As the parallels continued I thought about what these turbines are designed for and that is providing power to millions of households and business throughout the land. As Christian Leaders we are called to not only share the saving power of Jesus but be transformed!

Romans 12:2 NIV says….Do not conform to the pattern of this world, but be transformed by the renewing of your mind. Then you will be able to test and approve what God’s will is ---his good, pleasing and perfect will.

So the question is, how are you changing the landscape? Are you empowered by the Holy Spirit and how is that power impacting your leadership? Here are 10 simple reminders:

  1. Share your vision
  2. Live your values
  3. Lead with compassion
  4. Do what right for your people
  5. Serve others
  6. Lead by example
  7. Develop others
  8. Invest in yourself
  9. Be Salt & Light
  10. Pray daily for your team

Keep in mind on a wind turbine that the rotors spin to produce the power. In your life your three sources of power are the Father, the Son and the Holy Spirt. May you lead in that power every day!

Building Passport

I have dozens of passports, and I need to renew them constantly. No, I’m not James Bond or Jason Bourne. I don’t fly from country to country using alternative identities to evade the NSA, CIA, or MI6.

I just love people. I enjoy meeting, understanding, encouraging, and working with them. And for that I need a lot of passports.

One for my wife, two for my children, over thirty for my relatives and close friends, and dozens more for coworkers, clients, and the other people I engage every week.

A passport is an authorization to go someplace you have no inherent right to be. In relational terms, it is the permission that people give to others to enter into their lives, to learn their secrets, to know their struggles, to offer advice and correction.

If you want others to allow you into their lives—including your employees and customers—you must earn a relational passport from each person you engage. The best way to do so is to relate to others in such a way that they would answer “yes” to three key questions, each of which encompasses a variety of sub-questions that roll around in people’s minds when they are thinking of opening up to you:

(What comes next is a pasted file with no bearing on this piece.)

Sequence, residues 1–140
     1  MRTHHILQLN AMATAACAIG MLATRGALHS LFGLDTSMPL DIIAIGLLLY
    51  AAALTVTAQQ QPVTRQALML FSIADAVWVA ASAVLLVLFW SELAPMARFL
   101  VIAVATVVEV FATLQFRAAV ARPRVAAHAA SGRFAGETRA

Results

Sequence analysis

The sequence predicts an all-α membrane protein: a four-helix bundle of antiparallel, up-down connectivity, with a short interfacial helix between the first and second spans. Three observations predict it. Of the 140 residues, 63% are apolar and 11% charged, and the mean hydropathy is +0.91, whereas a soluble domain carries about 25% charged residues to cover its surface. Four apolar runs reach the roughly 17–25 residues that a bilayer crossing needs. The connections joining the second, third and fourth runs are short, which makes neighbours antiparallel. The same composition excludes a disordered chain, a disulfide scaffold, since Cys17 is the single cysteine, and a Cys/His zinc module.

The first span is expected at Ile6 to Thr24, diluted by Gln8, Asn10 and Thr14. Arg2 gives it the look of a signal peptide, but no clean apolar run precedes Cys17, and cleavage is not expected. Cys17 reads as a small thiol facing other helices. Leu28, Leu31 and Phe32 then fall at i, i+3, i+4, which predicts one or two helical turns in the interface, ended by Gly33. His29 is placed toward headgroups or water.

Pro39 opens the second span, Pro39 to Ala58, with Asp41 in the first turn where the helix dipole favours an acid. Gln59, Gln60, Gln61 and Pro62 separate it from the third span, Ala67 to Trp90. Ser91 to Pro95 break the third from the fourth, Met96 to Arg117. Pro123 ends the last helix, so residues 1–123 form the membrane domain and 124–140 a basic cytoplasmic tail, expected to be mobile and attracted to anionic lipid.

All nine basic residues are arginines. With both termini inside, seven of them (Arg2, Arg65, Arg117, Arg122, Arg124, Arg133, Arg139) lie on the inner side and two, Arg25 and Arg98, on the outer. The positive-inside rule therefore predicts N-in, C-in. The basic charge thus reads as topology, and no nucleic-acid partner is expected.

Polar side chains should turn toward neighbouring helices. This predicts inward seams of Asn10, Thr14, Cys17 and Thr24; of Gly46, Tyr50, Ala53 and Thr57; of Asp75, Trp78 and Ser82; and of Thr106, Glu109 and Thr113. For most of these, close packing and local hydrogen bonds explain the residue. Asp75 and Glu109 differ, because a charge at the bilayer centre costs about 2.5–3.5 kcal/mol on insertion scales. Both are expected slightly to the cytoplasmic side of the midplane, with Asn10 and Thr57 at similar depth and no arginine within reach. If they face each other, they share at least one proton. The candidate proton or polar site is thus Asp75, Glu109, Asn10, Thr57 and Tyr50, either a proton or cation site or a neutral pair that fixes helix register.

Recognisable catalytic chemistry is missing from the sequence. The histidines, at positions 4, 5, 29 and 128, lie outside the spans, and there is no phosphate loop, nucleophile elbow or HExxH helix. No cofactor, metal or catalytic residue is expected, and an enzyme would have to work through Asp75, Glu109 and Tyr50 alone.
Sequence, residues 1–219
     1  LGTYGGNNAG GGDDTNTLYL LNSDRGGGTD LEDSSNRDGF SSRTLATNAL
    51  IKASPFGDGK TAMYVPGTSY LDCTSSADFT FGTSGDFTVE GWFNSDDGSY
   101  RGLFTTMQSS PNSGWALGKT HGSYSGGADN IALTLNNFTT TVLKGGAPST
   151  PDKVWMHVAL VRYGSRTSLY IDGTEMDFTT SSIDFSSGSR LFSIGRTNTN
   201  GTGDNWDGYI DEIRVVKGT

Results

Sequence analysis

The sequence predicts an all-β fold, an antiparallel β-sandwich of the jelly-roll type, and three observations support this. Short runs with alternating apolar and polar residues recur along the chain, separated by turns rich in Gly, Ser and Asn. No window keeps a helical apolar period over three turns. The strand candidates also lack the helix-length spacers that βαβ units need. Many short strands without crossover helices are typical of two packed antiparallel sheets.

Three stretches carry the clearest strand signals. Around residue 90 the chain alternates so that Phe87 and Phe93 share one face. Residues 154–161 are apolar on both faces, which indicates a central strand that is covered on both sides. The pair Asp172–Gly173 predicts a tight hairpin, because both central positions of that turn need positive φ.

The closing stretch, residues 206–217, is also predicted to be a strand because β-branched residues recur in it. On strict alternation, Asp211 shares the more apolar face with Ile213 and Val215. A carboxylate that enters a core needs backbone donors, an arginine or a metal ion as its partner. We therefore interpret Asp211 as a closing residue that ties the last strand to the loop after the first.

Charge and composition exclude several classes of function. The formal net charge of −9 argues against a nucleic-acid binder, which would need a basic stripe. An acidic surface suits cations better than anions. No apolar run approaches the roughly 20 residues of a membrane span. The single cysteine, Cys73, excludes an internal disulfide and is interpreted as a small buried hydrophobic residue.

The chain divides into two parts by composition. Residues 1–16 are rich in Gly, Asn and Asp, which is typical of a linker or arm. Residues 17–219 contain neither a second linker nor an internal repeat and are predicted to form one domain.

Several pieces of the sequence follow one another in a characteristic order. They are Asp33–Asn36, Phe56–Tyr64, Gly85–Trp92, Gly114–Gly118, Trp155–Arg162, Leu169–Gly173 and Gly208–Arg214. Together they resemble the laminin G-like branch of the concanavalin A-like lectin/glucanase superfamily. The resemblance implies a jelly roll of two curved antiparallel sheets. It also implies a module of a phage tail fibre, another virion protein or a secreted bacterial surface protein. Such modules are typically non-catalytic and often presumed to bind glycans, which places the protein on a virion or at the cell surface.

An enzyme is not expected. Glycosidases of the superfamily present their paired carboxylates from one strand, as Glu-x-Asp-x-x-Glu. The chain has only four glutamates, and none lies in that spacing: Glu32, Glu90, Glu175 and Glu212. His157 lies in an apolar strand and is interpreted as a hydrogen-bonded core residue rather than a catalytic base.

• Can I trust you? Will you keep your word and follow through on your commitments? Will you guard confidential information? Will you continue to respect and value me if I allow you to see my mistakes? Can I trust you with the “fine china” of my life?
  • Do you really care about me? Will you look out for my interests as well as your own? Will you take time to listen to me? Do you sincerely want to serve me? Why? Do you care enough to push past my outer defenses and patiently help me sort out things I myself don’t yet understand?
  • Can you actually help me? Are you able to deal with my concerns and needs? How are you doing with your own challenges and struggles? What kind of experience do you have? Do you have a track record of successfully solving relational and business problems? If this problem is beyond the two of us, do you have the humility and wisdom to help me find another person who has the experience I need?

Let these questions echo in the back of your mind as you relate to others. Ask God to enable you to answer them by engaging others with his humility, patience, compassion, kindness, gentleness, forgiveness, honesty, and wisdom (Col. 3:12; James 3:17). If you do so, you’ll be well on your way to having more passports than you ever dreamed.

Ken Sande is the founder of Peacemaker Ministries and Relational Wisdom 360 and the author of numerous books on biblical conflict resolution, including The Peacemaker: A Biblical Guide to Resolving Personal Conflict.